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Religious restrictions on the rise worldwide, Pew survey shows

Religious restrictions on the rise worldwide, Pew survey shows

A study released today by the Pew Forum shows that religious intolerance is on the rise globally, and that a majority of the world’s population live in countries with “high government restrictions on religion or high social hostilities involving religion,” a 5 percent increase percent over the previous year. The Guardian reports:

While the survey notes growing religious restrictions in places where that might be expected, including in Nigeria which has seen a spate of attacks against Christians, as well as in Indonesia, where pressure from Islamists forced dozens of churches to close, it also identifies growing problems in some western democracies including Switzerland, which, in 2009, banned the construction of minarets, and the US.

The report – which detailed religious freedom up until the end of 2010 and is the third such survey Pew has carried out – says it identified a four-year high involving “harassment or intimidation of particular religious groups” – including five out of seven of the main religious groupings – including Jews, Christians, Buddhists and adherents of folk or traditional religions.

Not all religions, however, faced harassment in the same way.

“Christians,” the survey reports, “were harassed by government officials or organisations in 95 countries in the year ending in mid-2010 and by social groups or individuals in 77 countries.

“Muslims also were more likely to be harassed by governments (74 countries) than by social groups or individuals (64 countries). Jews, by contrast, experienced social harassment in many more countries than they faced government harassment.”

The United States has moved from the low category of government restrictions on religion to the moderate category for the first time, according to the study. NPR quotes from the Pew report:

“In the year ending in mid-2010, there was an increase in the number of incidents in the U.S. at the state and local level in which members of some religious groups faced restrictions on their ability to practice their faith. This included incidents in which individuals were prevented from wearing certain religious attire or symbols, including beards, in some judicial settings or in prisons, penitentiaries or other correctional facilities. Some religious groups in the U.S. also faced difficulties in obtaining zoning permits to build or expand houses of worship, religious schools or other religious institutions. The U.S. also experienced an increase in social hostilities involving religion during this same period. A key factor behind the increase was a spike in religion-related terrorist attacks in the U.S. The increase also reflects a rise in the number of reported religion-related workplace discrimination complaints.”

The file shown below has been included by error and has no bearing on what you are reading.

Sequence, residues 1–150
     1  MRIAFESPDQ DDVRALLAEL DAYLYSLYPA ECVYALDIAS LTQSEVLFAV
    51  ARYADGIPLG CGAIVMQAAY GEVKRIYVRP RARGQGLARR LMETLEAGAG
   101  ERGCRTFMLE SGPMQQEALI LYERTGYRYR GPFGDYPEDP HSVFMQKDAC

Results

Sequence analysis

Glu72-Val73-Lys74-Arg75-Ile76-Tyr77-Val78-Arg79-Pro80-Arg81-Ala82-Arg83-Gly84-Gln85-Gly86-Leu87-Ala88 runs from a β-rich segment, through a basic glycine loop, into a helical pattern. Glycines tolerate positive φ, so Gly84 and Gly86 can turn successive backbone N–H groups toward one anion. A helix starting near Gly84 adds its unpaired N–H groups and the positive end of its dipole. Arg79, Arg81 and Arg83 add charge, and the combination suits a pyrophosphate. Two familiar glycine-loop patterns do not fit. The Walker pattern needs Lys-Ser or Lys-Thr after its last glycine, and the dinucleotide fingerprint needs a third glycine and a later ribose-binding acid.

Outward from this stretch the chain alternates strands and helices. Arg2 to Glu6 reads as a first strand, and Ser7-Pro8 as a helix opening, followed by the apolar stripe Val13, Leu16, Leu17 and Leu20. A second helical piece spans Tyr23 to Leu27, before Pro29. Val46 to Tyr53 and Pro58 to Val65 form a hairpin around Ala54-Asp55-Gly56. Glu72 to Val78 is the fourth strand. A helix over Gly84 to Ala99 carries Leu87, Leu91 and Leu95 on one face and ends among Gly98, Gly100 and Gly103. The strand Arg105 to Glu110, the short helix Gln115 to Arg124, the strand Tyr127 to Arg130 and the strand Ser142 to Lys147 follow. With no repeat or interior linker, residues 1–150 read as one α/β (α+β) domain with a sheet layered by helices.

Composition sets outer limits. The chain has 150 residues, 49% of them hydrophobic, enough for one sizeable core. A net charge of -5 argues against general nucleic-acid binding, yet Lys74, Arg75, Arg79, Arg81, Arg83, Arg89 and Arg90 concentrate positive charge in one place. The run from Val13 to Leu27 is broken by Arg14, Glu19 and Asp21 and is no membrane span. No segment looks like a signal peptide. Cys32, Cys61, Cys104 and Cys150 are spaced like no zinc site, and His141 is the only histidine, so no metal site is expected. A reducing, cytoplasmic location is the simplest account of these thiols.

The report mentions the incidents we’re familiar with, including the attempt to stop the building of the Murfreesboro, Tenn. mosque. But it also said that for the first time, this report included allegations that “some level of government in the U.S. had imposed limits on conversion.”

They cite a case in which an inmate was denied the right to change his religious affiliation to Muslim.

“The inmate complained that he could not participate in Ramadan observances without an official change to his religious designation in the New York Department of Correctional Services’ records,” Pew reports.